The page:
Sixty-third General Assembly
23rd Meeting (AM)
Says Despite Lopsided Picture Painted in Debate, Past Year Seen Most Meaningful Israeli - Palestinian Talks Since 2000; Nine Related Draft Resolutions Introduced
The report of the Special Committee to Investigate Israeli Practices Affecting the Human Rights of the Palestinian People and Other Arabs of the Occupied Territories presented a "biased and anachronistic picture" of the region, Israel's representative told the Fourth Committee (Special Political and Decolonization) as it concluded its general debate on that issue.
Israel's delegate said that by acknowledging the rights of only one side, the Special Committee's work was utterly divorced from reality. Further, the Fourth Committee's three-day debate had been filled with "futile rhetoric" that had no bearing on the well-being of the Palestinian population in the Gaza Strip or the West Bank, or on the advancement of peace.
Furthermore, "It is absurd that in this body, such bastions of human rights and democracy, including Sudan, North Korea, Iran and Syria lecture the open and free State of Israel," he asserted, calling on Israel's critics to take real, constructive measures to assist and support the Israeli and Palestinian peoples in their attempt to end their bloody, decades-long conflict.
That support might include shoring up the United Nations Relief and Works Agency for Palestine Refugees in the Near East (UNRWA) with more than just words, creating confidence-building measures towards Israel, embracing both Israeli and Palestinian narratives and addressing the concerns of all sides.
Despite the lopsided picture painted in the current debate, he emphasized that the past year had witnessed the most substantial and meaningful negotiations between the Israelis and Palestinians since 2000. Indeed, both sides would, in a matter of days, brief the Quartet ( United Nations, Russian Federation, United States, European Union) on the status of their direct peace negotiations launched in Annapolis last December. He was encouraged by his Palestinian colleague's statement that the Palestinian people and their leadership were fully committed to the peace process. Israel also believed that a bilateral peace process was the only way to communicate both sides' concerns and aspirations.
In the brief conclusion, this morning, to the three-day debate, the handful of speakers underlined the value of the Special Committee's work. Contradicting Israel's assessment of that body's report, Libya's representative said it had been based on reliable information that had been further bolstered by non-governmental and humanitarian organizations. She expressed hope that the occupying Power would allow investigators to visit the Occupied Territory, and strongly supported the recommendations of the report that those visits be allowed.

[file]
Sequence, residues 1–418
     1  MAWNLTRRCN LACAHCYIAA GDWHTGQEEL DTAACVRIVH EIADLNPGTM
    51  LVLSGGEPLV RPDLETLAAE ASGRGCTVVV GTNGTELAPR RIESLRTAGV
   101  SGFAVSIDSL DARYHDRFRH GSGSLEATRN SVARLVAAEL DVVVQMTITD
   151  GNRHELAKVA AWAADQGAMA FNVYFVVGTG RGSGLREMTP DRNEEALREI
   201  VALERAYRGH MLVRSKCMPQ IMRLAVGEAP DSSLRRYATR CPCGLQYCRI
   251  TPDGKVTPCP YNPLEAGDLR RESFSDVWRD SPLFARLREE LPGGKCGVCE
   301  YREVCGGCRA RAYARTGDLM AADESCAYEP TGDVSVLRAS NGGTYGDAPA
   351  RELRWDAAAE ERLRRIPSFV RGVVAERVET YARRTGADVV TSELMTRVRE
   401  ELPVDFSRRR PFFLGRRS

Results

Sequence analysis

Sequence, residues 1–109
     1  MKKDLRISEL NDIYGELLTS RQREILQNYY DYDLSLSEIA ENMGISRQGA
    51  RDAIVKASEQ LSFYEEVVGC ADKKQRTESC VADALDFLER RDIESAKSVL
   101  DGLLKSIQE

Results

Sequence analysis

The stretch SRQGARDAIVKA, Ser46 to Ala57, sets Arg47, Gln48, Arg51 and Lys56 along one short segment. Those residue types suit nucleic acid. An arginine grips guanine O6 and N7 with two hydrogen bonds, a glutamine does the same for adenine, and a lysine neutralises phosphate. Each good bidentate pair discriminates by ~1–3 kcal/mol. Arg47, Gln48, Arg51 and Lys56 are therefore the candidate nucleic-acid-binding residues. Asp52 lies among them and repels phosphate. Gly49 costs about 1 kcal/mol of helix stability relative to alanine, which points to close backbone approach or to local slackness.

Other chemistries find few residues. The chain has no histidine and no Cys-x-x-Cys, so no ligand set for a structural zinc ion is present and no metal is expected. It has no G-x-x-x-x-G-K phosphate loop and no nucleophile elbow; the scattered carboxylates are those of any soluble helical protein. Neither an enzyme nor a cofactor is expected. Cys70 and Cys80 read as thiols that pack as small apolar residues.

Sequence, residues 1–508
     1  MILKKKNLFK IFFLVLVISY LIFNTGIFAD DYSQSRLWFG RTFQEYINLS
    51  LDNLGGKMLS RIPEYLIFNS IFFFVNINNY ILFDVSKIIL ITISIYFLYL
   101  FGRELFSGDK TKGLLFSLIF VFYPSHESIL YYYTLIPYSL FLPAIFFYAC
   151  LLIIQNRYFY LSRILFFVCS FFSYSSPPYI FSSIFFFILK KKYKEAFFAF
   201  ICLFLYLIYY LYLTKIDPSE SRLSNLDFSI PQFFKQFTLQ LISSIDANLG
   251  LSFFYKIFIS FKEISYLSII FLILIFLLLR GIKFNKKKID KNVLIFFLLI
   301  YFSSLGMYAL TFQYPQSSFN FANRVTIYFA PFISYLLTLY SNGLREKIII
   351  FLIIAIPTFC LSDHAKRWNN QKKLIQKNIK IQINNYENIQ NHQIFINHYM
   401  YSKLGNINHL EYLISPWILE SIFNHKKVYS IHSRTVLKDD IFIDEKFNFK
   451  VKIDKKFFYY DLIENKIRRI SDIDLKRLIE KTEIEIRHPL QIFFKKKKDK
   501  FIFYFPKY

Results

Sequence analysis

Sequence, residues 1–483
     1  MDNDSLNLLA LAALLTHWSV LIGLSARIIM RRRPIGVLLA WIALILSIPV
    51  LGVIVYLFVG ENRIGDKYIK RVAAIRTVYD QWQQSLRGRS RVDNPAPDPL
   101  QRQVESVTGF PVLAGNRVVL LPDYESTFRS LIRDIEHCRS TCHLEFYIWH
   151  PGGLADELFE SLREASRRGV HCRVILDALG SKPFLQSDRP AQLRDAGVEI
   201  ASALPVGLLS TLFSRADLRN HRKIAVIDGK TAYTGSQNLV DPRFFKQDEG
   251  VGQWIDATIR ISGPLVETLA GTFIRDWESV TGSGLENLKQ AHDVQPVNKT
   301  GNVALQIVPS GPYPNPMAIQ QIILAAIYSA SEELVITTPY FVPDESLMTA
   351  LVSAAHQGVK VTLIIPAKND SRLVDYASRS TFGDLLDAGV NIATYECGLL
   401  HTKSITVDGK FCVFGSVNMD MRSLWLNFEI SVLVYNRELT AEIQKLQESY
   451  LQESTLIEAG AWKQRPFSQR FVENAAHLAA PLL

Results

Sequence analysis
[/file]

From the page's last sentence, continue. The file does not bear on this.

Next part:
The representative of Saudi Arabia said -- as many speakers had over the course of the Fourth Committee's debate -- that Israeli occupation had greatly increased the suffering of the Palestinian people, making them more desperate. Four years after the International Court of Justice had issued its advisory opinion on the separation wall, Israel continued to build that illegal wall on the pretext of security and peace. Yet, security did not come by building symbols of occupation; the respect of human rights and the rule of law guaranteed Israel's stability, and Israel should abide by and implement the relevant Security Council resolutions on the Occupied Palestinian Territory.
Uganda's representative called on Israel to take immediate action to facilitate the movement of Palestinian peoples and goods, provide access to international humanitarian organizations into the territories, remove outposts, and reverse the settlement policy and activity and end land confiscations. He also called for renewed intensification of efforts by the international community, including the Quartet, to support the Annapolis process negotiations between the two sides and the full implementation of the Road Map towards ending the occupation of the Palestinian Territory.
Following the general debate, the representative of Cuba introduced five draft resolutions on the work of the Special Committee. Indonesia's representative tabled four draft texts on UNRWA.
Speaking in exercise of the right to reply were the representatives of Syria, Sudan, Democratic People's Republic of Korea, Iran and Libya, as well as the observer for Palestine.
The Fourth Committee will meet again at 3 p.m. on Friday, 7 November, to take action on all remaining draft resolutions.